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Dementia taking bitter toll on seniors

Dementia is becoming a heavy burden on Bermuda's growing elderly population, and does not spare veterans and their families who face limited options for care.

A case in point is veteran Herbert Tatem, 94, whose wife, Dorothy, finds herself too old to look after him.

“All I know is that he needs help now,” Mrs Tatem told The Royal Gazette.

“For all these years, I took care of him, and now I can't do it any more. I'm 92. I need to help myself.”

November, leading up to Remembrance Day on the 11th, is the time to celebrate local veterans and their families — and the poppy appeal, a key fundraiser for their help, is more urgent than ever.

“Our goal is to fund a nursing home specifically for people with dementia,” said Carol Everson, a welfare case worker with the Bermuda Legion. “There's a very uncertain future ahead.”

Mr Tatem, a Bermuda Volunteer Rifle Corps veteran, was having “a good day” when The Royal Gazette visited, according to his wife.

But the housebound Mr Tatem was frank when it came to the severity of his condition, saying: “Sometimes I can't call her name.”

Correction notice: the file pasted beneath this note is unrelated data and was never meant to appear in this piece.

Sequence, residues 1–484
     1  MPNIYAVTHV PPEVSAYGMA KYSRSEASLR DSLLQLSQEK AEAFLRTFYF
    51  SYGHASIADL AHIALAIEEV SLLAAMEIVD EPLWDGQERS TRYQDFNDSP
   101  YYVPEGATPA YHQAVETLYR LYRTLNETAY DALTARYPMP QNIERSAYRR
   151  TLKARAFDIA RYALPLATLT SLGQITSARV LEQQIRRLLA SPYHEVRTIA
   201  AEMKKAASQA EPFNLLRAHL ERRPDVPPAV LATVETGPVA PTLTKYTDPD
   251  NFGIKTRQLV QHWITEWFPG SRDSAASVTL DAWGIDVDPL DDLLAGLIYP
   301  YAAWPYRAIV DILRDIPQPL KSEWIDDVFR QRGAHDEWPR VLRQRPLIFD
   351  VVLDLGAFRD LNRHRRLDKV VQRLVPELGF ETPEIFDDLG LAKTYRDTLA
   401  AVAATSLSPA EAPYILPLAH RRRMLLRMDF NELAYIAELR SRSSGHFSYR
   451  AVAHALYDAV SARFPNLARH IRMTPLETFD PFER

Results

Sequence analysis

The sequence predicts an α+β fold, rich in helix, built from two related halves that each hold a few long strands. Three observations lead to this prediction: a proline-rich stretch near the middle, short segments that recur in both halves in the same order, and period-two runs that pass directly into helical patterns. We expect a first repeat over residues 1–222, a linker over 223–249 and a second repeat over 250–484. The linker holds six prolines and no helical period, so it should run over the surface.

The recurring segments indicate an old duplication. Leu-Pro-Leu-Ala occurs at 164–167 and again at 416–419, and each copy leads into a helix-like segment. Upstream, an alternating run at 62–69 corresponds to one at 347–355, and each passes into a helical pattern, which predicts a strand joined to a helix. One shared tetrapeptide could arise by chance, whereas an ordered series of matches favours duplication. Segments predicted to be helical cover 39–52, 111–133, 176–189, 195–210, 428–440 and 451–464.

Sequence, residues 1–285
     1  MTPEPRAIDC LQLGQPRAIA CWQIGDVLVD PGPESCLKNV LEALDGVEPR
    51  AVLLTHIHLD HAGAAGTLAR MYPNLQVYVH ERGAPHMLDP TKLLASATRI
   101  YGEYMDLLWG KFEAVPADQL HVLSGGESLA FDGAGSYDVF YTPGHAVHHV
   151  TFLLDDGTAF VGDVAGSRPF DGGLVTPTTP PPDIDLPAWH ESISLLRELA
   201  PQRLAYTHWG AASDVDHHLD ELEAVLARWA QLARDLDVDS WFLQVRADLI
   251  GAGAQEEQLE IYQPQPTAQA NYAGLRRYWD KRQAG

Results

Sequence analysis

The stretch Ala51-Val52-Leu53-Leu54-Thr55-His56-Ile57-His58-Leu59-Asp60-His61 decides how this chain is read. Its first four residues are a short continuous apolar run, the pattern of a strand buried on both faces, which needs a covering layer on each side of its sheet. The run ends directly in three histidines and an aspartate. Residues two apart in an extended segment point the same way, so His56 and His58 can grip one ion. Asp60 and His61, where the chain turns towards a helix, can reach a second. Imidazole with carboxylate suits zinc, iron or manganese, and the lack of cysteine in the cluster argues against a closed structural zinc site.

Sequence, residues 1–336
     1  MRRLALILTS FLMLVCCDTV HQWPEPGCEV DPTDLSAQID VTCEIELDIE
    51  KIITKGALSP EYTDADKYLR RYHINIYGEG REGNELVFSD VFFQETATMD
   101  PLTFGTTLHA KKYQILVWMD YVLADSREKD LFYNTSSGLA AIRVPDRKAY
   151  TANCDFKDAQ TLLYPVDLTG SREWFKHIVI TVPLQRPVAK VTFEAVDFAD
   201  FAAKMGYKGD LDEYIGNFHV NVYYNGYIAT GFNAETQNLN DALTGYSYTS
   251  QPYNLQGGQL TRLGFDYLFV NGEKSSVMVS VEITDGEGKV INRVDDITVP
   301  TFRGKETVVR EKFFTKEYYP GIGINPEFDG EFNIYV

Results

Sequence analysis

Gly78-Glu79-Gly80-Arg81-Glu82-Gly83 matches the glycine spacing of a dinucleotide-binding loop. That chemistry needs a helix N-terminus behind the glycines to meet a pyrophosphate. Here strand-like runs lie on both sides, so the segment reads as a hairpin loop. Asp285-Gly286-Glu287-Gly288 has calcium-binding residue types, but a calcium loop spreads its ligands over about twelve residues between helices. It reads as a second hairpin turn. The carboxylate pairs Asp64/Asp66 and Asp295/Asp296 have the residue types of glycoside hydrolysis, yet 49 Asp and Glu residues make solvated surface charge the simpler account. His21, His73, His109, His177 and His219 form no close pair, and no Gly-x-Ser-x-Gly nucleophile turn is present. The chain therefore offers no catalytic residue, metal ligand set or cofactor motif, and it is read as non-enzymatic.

With arthritis and a heart condition, Mrs Tatem treasures the assistance of a caretaker, but is increasingly troubled when she thinks of the future.

“My muscles are worn out,” she said. “And Herbert can't help me with anything.”

The island has almost 200 war veterans and widows, according to Ms Everson, with dementia and Alzheimer's becoming an unfortunate reality for growing numbers.

“There are only three facilities on the island that can adequately care for people with high levels of dementia. Two have been full for months. The third, Westmeath, has a high cost, which is a deterrent to many.

“The Tatems are better off than a lot of others, but their lives are nonetheless on a downward slope.”

The legion provides a broad range of assistance to veterans, with the ultimate dream of raising sufficient funds to offer a badly needed nursing home and assisted-living facility — something Ms Everson concedes is “a very, very big endeavour — it's very much blue-sky thinking”.

However, from November 1 to 11, the poppy appeal is the most visible public face of that effort.

“Any chance for people to help during the poppy appeal, by distributing poppies for donations, is very gratefully received,” Ms Everson said.

Poppy wreaths are provided to the legion by the Royal Bermuda Regiment for distribution in schools, churches, or for any other organisation that wishes.

To get involved, to donate, or to pitch in for the legion's tag day in Hamilton on November 7, call 703-1020, 293-3975 or email nosoldierleftbehind@hotmail.com

Increasingly troubled: war veteran Herbert Tatem, 94, with wife and primary caregiver Dorothy

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Published October 29, 2016 at 9:00 am (Updated October 29, 2016 at 7:11 am)

Dementia taking bitter toll on seniors

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